In the second oral argument, for the Gig2 case, Brown joked that his appearance was like the movie Groundhog Day, noting Bill Murray’s character relived the same day for seven years.

“I think that’s about as many cases as you will have if plaintiff is successful here,” Brown said, according to the transcript.

Klausner acknowledged it’s true that no SPAC would spend 100% of the money it raised buying a private company—it must pay banking and lawyer fees, for instance.

But he pushed back on the idea that there would be seven years’ worth of SPAC lawsuits.

He argued there is some threshold where dilution becomes a “material” disclosure, and that the SPACs he targeted had crossed that line more clearly than almost any other. Investors might not be concerned about small amounts of dilution, he said.

For instance, he said Gig2’s net cash per share was below $5 when shareholders were asked to redeem their shares or roll their investment into a business acquisition.

“With respect to Gig2 and Gig3, the multiple sources of dilution and dissipated cash were either poorly disclosed or undisclosed entirely, all the time while stating that the shares are worth $10,” Klausner argued in court. “So Gig2 is an extreme. That’s why we’re here.”

Plaintiff’s Bar Challenges

Of course, Klausner won’t decide if other lawyers show up at the Delaware courthouse. That will be decided in part by the economics of the plaintiff’s bar.

Plaintiff’s lawyers face two challenges in bringing these claims, Stanford Law Professor Joe Grundfest said in an interview. (He is admittedly partial to his colleague Klausner’s work—calling him the “Ace of SPACs.” But he is also an expert in securities litigation and its plaintiff’s bar.)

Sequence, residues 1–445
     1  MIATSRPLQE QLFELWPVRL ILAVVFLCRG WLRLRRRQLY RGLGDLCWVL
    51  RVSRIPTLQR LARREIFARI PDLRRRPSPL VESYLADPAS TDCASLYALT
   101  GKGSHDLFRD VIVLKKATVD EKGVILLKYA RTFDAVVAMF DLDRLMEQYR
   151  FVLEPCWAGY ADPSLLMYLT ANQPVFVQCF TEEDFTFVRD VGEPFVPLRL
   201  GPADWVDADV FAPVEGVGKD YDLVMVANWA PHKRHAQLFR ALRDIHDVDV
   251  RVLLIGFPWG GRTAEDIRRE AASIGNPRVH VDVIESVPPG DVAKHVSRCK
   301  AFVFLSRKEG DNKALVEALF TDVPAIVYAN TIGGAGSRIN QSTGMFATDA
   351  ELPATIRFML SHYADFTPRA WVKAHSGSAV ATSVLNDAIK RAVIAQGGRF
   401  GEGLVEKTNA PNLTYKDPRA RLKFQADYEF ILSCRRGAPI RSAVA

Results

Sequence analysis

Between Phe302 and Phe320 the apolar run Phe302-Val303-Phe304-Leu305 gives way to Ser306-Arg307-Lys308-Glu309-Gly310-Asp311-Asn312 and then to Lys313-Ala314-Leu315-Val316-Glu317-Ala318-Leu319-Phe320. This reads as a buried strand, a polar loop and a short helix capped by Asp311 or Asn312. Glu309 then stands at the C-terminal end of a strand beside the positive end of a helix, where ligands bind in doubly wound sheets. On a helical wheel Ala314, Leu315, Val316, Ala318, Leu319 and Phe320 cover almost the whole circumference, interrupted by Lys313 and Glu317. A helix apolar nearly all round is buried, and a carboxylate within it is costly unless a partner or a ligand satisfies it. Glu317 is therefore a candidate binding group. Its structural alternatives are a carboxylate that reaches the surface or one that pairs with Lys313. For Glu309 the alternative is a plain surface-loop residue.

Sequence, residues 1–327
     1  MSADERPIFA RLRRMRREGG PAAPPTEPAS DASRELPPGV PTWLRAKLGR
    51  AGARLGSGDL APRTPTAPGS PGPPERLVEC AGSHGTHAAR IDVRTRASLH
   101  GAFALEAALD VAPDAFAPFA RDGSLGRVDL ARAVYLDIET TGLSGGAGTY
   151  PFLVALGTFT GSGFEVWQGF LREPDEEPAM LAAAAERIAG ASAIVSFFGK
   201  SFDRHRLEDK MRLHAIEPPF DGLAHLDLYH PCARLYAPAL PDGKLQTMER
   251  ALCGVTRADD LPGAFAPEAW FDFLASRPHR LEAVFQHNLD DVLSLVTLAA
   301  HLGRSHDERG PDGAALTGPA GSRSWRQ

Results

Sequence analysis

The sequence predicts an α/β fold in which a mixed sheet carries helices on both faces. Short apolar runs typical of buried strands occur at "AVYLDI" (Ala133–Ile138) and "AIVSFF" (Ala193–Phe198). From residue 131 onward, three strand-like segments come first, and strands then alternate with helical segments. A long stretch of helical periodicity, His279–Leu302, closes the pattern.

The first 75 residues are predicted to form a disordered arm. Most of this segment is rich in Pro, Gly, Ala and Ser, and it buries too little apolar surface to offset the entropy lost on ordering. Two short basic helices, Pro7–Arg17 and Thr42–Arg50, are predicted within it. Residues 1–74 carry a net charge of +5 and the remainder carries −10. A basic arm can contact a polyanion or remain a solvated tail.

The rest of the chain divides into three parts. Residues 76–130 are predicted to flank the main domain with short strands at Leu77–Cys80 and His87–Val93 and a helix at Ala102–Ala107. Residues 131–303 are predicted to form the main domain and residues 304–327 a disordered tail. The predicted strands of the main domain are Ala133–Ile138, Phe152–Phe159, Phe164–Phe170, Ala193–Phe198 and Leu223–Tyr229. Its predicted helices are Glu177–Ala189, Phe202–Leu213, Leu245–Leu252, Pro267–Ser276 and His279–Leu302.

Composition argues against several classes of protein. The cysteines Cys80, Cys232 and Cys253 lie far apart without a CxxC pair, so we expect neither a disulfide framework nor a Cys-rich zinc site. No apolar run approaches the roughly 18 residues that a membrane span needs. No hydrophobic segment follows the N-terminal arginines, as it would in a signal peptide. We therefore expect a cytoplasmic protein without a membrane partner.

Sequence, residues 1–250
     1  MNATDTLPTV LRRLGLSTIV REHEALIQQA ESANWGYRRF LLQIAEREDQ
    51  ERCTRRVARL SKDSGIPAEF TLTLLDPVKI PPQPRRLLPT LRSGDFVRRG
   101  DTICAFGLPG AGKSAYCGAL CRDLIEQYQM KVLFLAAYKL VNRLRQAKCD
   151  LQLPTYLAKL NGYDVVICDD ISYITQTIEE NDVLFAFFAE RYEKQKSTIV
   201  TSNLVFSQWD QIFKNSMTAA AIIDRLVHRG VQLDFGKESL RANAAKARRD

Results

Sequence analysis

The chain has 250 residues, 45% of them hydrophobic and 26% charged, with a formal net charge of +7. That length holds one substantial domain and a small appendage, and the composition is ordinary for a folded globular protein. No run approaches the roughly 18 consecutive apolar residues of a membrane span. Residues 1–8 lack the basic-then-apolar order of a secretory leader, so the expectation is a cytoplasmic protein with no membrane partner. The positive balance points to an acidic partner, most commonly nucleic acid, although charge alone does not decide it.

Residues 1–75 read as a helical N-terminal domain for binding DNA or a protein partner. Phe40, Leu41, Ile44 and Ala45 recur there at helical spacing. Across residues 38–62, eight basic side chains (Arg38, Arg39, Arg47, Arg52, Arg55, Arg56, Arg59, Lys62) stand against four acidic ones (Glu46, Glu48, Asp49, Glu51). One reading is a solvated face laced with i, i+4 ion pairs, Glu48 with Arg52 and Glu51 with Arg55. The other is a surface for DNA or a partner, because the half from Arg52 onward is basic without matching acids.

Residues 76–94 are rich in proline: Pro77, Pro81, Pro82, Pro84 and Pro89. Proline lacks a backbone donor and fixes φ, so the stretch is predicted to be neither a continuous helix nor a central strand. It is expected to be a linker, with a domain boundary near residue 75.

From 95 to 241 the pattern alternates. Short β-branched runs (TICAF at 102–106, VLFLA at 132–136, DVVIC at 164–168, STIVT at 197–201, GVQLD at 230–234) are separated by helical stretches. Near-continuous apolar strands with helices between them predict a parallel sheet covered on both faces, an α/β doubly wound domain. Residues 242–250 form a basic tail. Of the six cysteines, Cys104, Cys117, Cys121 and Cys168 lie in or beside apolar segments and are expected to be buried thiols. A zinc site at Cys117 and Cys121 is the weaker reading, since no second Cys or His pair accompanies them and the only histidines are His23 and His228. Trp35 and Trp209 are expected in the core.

One challenge is finding lead plaintiffs, which may prove difficult considering the large investment houses or pension plans that typically play that role did not invest in SPACs.

The other is finding SPACs that were big enough to support big damages claims.

“If the plaintiff’s bar can find the sweet spot—a cohort of plaintiffs who have standing combined with SPACs that will generate sufficient damages—then there is more business here,” Grundfest said, adding that a settlement was likely in the Gig3 case.

“The larger the settlement,” he said, “the more litigation we can expect.”

Baker McKenzie’s Weiner urged the Gig3 defendants to appeal the ruling. Otherwise, he said, the “exacting standard” it applied sets forth a rubric that will “suffocate this whole opportunity for the capital markets and M&A markets.”

“Every plaintiff lawyer is going to stare at SPACs, and when they’re trading at less than $10 a share, you can bet they’re going to bring copycat lawsuits,” Weiner said.

Worth Your Time

On Cozen O’Connor: The law firm’s CEO said in a Bloomberg Law interview that he’s ready to make big investments if there’s a recession. That got jump-started this week when the firm inked sponsorship deals with the PGA Tour’s Brendon Todd and LPGA Tour player Ally Ewing.

On FTX: Sullivan & Cromwell is the wrong firm to lead FTX’s bankruptcy case because the firm’s prior work for the crypto exchange raises impartiality concerns, four US senators said. Justin Wise has the story.

On Layoffs: Stroock & Stroock & Lavan became the latest firm to announce layoffs, separating with nine lawyers and 18 staff.

On Latham: Not everybody’s tightening the belt. Latham & Watkins has been on a hiring spree early in the year, bringing on two corporate partners from Cahill, a former federal judge in Chicago, and the former adviser to the chair at DLA Piper, Joseph Alexander.

The firm is looking to add “opportunistic” hires, said Marc Jaffe, head of its New York office. “Are there other people we’re pursuing? Absolutely,” Jaffe said. “We are bullish from a long-term perspective.”

That’s it for this week! Thanks for reading and please send me your thoughts, critiques, and tips.

To contact the reporter on this story: Roy Strom in Chicago at rstrom@bloomberglaw.com

To contact the editors responsible for this story: Chris Opfer at copfer@bloomberglaw.com; John Hughes at jhughes@bloombergindustry.com